Re: Linux Firewall Suggestion
From: Mike (honey_at_michaelmoyse.co.uk)
Date: Wed, 04 May 2005 13:00:35 +0100
Jack Masters wrote:
> Mike wrote:
>> KP wrote:
>>> I work for a company that has no firewall. We are 20 person company
>>> whose connection to the Internet is via Cisco 1610 router - T1.
>>> The router (pseudo firewall - really NAT) maps 3 PUBLIC IP / External
>>> Address (our mail, web site, and FTP) to 3 of the Internal Servers.
>>> It does a one to map mapping.
>>> Server 1=Exchange 2003/Outlook Web Access(port 80,443) - (public ip
>>> 100.100.100.100 to private 192.168.1.10);
>>> Server 2=Sharepoint Portal 2003/Project Server 2003(port 80 and 443)
>>> - (public ip 100.100.100.101 to private 192.168.1.11);
>>> Server 3=FTP Site and MS PPTP VPN (port 21,1721) - (public ip
>>> 100.100.100.102 to private 192.168.1.12);
>>> My GOALis to get a Linux firewall that is SIMPLE to use to place
>>> between the internal network and our Internet router. Also, it has
>>> to be able to route traffic destined on public ip xxx.xxx.xxx.xxx to
>>> private ip xxx.xxx.xxx.xxx- same as 1 to 1 NAT mapping but more
>>> locked down due to firewall features. Because multiple servers have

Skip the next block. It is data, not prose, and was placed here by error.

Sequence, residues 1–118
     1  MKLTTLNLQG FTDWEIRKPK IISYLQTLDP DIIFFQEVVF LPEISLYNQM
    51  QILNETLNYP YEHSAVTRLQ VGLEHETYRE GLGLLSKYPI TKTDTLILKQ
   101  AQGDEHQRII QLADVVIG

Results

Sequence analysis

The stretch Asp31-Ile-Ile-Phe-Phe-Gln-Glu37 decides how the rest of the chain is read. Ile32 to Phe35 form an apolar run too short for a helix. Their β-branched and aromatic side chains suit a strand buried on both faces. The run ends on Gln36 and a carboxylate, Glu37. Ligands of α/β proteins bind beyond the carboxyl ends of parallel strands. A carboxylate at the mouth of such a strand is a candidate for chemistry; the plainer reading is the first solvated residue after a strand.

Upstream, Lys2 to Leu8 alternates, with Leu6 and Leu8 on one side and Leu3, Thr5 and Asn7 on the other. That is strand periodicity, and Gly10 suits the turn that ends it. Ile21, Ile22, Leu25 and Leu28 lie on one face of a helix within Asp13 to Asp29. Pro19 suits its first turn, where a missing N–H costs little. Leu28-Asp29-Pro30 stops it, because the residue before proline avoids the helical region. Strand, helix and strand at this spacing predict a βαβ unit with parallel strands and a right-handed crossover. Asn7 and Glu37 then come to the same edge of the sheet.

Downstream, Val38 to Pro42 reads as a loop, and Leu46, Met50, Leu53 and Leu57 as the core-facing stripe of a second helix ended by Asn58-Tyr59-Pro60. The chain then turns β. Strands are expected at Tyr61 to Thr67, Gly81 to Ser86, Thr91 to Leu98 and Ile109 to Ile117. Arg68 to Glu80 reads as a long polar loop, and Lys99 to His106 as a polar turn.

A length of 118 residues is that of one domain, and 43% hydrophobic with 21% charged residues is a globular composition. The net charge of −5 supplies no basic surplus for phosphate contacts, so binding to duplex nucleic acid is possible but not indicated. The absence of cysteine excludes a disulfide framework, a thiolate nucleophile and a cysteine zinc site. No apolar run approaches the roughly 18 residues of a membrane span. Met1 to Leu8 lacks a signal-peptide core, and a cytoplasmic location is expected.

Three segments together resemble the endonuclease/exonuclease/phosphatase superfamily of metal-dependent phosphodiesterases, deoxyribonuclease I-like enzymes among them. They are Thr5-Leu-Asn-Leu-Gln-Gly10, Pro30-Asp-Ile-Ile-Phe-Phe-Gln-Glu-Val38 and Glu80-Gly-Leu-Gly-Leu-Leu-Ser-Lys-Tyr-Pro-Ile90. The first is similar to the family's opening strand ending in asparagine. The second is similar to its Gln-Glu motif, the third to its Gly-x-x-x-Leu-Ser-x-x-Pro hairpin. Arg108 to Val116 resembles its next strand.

>>> port 80 and 443, I can't just do port forwarding. It must be
>>> intelligent enough to see the URL/URI to forward to the right box.
>>> Hope this made sense.
>>> What would you guys suggest in terms in the Linux distro with this
>>> capability, and how I should set it up?
>>> Thank you!
>> If you are not sure what you are doing, don't play with your company
>> network. This is not the place to start learning about Linux
>> firewalls. Invest your money in a hardware solution such as a
>> Watchguard Firebox. You will find it easier to implement as it has a
>> Windows front end and you will get all the benefits of a
>> Linux/Iptables box as that is what it uses. You will also get first
>> rate support (They can even configure the box remotely for you) and
>> I'm not affiliated to Watchguard in any way. I just use their boxes
>> and also build Linux firewalls using IPCOP and Smoothwall or just
>> plain old IPtables.
> Any firewall, even a badly configured one, would be better than leaving
> the network wide open. Playing with the firewall on a live network may
> open one up to (physical) abuse from users that see their lunchtime
> surfing/IM interrupted, but starting off with one of the many example
> scripts available would be difficult to create a FW that opens the
> network up further than it already is.
Would you learn to wire a house by doing it with the power on?
Would you learn to service a car by playing with your fathers brand new
Bottom line, you do not learn by playing with live systems. Only a fool
would do that.